“First- and second-generation large commercial jet transports have generally been replaced by airplanes with glass cockpits and avionics systems based on digital technology,” the 2009 report said. “Corporate airplanes have also undergone the change to digital avionics and electronic flight displays.”
Discussing the report at the FSF Corporate Aviation Safety Seminar in Tucson, Arizona, U.S., in May, Vandel noted that the Foundation was asked by industry to take another look at HGST to determine if the levels of accident-prevention potential found in 1990 are still valid.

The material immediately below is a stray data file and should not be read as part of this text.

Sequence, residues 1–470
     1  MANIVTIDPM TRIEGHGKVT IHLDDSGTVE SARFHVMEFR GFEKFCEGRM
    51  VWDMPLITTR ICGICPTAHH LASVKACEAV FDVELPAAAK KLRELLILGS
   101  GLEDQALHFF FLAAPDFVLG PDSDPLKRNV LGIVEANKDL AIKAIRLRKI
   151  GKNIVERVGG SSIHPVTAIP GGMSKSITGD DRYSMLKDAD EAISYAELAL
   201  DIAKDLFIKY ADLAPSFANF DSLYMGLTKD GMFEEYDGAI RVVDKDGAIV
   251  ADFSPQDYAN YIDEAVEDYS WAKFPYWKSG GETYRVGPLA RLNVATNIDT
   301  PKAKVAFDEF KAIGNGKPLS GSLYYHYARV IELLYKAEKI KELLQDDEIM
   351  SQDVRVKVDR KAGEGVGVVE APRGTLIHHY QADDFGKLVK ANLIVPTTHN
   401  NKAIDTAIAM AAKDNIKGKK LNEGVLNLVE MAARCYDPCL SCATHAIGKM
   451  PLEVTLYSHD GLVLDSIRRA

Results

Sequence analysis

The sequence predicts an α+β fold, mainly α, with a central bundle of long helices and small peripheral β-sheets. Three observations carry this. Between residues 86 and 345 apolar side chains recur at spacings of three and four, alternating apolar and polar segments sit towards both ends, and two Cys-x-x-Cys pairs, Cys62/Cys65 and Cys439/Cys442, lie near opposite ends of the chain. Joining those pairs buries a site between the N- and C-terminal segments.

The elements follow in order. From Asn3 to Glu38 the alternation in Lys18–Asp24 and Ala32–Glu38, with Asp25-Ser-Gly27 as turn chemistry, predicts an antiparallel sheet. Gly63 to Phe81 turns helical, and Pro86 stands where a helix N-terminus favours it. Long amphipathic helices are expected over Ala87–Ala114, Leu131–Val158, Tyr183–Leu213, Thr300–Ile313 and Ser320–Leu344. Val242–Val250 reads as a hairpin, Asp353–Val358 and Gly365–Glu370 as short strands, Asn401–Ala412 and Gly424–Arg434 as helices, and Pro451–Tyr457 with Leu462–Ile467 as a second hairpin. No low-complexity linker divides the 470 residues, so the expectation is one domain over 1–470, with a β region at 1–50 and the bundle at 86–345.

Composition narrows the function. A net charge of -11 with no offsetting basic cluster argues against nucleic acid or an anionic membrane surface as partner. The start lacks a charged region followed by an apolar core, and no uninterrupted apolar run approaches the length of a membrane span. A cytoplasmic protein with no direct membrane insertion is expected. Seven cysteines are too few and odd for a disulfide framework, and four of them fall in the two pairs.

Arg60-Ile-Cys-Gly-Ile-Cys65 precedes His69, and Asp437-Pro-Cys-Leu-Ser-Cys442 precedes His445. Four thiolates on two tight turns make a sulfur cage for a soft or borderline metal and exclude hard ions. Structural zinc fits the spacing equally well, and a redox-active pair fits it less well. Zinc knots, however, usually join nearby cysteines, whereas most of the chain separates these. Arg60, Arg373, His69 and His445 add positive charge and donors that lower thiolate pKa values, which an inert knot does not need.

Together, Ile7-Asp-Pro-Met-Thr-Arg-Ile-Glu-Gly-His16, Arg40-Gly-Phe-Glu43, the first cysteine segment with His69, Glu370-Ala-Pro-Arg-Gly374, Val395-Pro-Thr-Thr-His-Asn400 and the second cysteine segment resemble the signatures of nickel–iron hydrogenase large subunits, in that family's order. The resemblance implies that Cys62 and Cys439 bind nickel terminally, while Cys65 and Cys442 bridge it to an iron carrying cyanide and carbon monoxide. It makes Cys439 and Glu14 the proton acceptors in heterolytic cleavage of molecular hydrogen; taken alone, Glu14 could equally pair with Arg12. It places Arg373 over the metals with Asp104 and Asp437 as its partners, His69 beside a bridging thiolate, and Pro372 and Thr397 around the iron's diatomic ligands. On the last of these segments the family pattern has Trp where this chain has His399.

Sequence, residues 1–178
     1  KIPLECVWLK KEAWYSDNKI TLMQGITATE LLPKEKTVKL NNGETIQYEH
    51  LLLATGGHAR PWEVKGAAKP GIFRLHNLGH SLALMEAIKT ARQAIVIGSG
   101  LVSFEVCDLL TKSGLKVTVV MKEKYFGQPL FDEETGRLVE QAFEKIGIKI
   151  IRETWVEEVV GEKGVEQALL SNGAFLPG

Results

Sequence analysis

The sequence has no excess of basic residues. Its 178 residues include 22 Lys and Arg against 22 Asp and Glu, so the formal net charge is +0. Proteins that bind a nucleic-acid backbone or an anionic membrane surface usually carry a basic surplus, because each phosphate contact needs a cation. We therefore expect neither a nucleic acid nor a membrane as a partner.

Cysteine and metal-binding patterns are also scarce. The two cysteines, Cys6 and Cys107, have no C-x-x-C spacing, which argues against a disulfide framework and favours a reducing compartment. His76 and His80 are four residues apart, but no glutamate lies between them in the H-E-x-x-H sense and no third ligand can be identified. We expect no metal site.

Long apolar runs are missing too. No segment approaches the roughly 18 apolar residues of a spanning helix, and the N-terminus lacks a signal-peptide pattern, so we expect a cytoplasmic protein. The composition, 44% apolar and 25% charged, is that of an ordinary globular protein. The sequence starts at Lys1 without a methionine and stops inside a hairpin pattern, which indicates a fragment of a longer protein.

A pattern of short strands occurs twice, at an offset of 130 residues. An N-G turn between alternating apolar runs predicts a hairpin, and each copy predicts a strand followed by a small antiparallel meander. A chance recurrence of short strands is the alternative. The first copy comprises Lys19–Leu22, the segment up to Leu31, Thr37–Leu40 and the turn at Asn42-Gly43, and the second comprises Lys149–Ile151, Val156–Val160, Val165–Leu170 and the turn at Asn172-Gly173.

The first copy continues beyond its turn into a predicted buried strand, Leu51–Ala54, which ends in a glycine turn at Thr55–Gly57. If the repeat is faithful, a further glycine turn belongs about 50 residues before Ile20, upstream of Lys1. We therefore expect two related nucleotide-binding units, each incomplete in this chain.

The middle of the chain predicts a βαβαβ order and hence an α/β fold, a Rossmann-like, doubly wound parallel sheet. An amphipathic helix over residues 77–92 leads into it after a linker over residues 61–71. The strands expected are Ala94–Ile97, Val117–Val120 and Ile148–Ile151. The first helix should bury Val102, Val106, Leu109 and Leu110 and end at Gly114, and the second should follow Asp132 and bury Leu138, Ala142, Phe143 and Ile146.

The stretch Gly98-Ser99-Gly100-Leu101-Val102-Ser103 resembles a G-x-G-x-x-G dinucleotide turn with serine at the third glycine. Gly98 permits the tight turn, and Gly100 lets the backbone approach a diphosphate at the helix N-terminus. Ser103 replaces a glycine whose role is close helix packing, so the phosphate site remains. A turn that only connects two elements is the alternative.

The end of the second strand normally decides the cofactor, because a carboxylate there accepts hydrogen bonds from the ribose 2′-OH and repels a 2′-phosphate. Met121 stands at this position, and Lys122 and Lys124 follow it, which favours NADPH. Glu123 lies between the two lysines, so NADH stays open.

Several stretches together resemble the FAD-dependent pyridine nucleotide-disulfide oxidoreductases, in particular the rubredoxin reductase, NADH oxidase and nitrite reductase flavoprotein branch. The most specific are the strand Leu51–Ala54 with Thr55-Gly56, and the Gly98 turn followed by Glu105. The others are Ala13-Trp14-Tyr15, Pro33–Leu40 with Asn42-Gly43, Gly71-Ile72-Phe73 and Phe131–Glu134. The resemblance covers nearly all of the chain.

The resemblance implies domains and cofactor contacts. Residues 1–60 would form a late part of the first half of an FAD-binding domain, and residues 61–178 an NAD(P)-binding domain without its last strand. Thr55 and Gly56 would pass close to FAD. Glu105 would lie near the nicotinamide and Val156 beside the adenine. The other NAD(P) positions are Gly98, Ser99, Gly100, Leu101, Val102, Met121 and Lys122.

Expanding the Focus
Data for the 2009 study were derived mainly from the Airclaims/Ascend World Aircraft Accident Summary database, the FSF Approach and Landing Accident Reduction database and the FSF Runway Safety Initiative database. The data were supplemented with information from other sources, including NTSB and other national aviation accident investigation agencies.
Expanding the focus beyond the large jet transport accidents examined 20 years ago, Vandel and Weener combed through data on nearly 10,000 accidents and selected 983 accidents from 1995 through 2007 that involved multiengine turbine and turboprop airplanes with maximum gross takeoff weights of 12,500 lb/5,700 kg or more. The airplanes included Western-built and Eastern-built models that, with few exceptions, have entered service since 1980. Excluded from the study were accidents involving military and special-use airplanes, and ground accidents involving civil airplanes.